“Individual-level characteristics such as the race, gender, wealth and age of councillors meaningfully predict attitudes and perceptions on a range of important questions about voice and accountability.”
That’s the money line from the MAVC-supported research on municipal politicians in South Africa (survey, n=1032 from 21 municipalities). The main recommendation is that accountability initiatives should take differences between councillors into account and avoid a on-size-fits-all approach. Makes sense, but this report is worth a closer look on two counts.
Firstly, it has a fantastically transparent methods section about conducting real life research in unpredictable environments. This includes a frank (if brief) discussion on self-selection bias among survey respondents and how data collection was delayed by “literal physical fighting between elected councillors” (7). Kudos. This is excellent practice, it should be lauded and mimicked.
Secondly, there are some begged questions about the generalizability of the findings. Notably, this research is based on a survey of “elected South African local municipal councillors in urban and near-urban areas” in the first year of their term. That’s a pretty specific population, which has some consequences.
Don’t get me wrong, the findings are fascinating and unquestionably important for anybody campaigning to municipal councillors in urban South African municipalities. But it’s not clear to whom else they would or could apply. Take, for example, the fact that 95% of respondents agreed with the statement that “in areas with service delivery protests, it is important to meet with the protesters and hear their grievances” (14). That’s tough to generalize. It’s even harder to disentangle from any of the other findings.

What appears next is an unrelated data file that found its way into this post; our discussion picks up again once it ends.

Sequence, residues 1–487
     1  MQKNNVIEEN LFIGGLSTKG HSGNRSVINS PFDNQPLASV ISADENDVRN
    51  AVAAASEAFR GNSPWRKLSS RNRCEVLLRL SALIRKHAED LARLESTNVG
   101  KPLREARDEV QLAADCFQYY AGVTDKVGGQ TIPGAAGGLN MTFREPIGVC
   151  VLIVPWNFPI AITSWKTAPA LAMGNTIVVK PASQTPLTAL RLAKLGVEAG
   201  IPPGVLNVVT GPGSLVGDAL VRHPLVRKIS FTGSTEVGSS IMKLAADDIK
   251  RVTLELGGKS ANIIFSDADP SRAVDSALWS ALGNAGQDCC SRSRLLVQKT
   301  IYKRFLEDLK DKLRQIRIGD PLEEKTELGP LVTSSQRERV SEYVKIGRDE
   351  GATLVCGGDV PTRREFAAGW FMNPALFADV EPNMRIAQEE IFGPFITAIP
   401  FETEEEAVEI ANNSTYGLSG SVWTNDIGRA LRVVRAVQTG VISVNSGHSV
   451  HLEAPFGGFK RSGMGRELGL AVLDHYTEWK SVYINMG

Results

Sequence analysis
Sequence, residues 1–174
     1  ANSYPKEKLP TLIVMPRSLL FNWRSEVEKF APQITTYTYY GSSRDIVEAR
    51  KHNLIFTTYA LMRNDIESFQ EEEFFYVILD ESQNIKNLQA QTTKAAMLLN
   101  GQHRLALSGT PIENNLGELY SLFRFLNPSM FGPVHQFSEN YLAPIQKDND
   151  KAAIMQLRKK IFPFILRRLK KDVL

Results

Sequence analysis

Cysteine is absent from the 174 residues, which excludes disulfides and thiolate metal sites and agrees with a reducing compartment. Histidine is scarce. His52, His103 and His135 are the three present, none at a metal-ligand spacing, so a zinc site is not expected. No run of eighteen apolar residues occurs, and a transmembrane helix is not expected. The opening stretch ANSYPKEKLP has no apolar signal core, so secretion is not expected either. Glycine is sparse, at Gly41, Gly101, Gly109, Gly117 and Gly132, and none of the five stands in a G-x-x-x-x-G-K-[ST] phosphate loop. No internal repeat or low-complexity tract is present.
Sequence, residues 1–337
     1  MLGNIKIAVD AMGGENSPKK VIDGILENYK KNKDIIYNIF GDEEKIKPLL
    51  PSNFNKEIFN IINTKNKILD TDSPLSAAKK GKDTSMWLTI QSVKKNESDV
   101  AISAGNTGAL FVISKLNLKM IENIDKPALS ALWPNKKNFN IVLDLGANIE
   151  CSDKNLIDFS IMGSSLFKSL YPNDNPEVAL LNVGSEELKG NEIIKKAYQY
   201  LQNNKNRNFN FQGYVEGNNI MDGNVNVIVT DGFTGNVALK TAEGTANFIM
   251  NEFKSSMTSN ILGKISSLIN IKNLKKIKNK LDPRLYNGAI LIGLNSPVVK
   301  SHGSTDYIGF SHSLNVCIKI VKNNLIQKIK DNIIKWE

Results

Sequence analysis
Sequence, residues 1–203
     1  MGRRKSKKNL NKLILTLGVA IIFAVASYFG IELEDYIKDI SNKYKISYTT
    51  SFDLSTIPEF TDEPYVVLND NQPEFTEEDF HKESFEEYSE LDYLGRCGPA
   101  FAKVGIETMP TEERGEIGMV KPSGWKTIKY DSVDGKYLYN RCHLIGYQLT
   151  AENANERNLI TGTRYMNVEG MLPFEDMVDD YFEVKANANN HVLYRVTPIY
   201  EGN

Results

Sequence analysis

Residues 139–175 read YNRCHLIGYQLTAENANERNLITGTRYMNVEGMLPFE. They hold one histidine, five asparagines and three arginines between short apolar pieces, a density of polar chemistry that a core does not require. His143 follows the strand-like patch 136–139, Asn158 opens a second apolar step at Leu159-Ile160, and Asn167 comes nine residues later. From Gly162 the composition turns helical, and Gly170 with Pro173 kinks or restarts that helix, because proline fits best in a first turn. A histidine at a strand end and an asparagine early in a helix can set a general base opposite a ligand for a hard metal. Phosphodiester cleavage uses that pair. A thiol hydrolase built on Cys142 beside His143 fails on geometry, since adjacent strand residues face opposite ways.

To be clear, the authors of this report don’t claim generalizability, but they don’t raise the question either. What would make this research useful to a wider audience would be a systematic discussion of the contextual factors that define it. That’s kind of there in the narrative, but it isn’t treated in a way that makes it easy to compare to other contexts. That’s not a critique of the research per se, but it does represent an opportunity cost (especially for MAVC research which is supposed to inform program design).
Not spelling out the implications and contours of niche research populations also makes it really easy for enthusiasts to casually imply that that the findings can be generalized, because 280 characters. That’s not the researchers’ fault, but it’s something that civic tech research infomediaries should take into account. In our unconferency-posture-rich-twittosphere where no one has time to read anything, but we all like the idea of evidence, we need to be clear about what we’re learning and where it matters.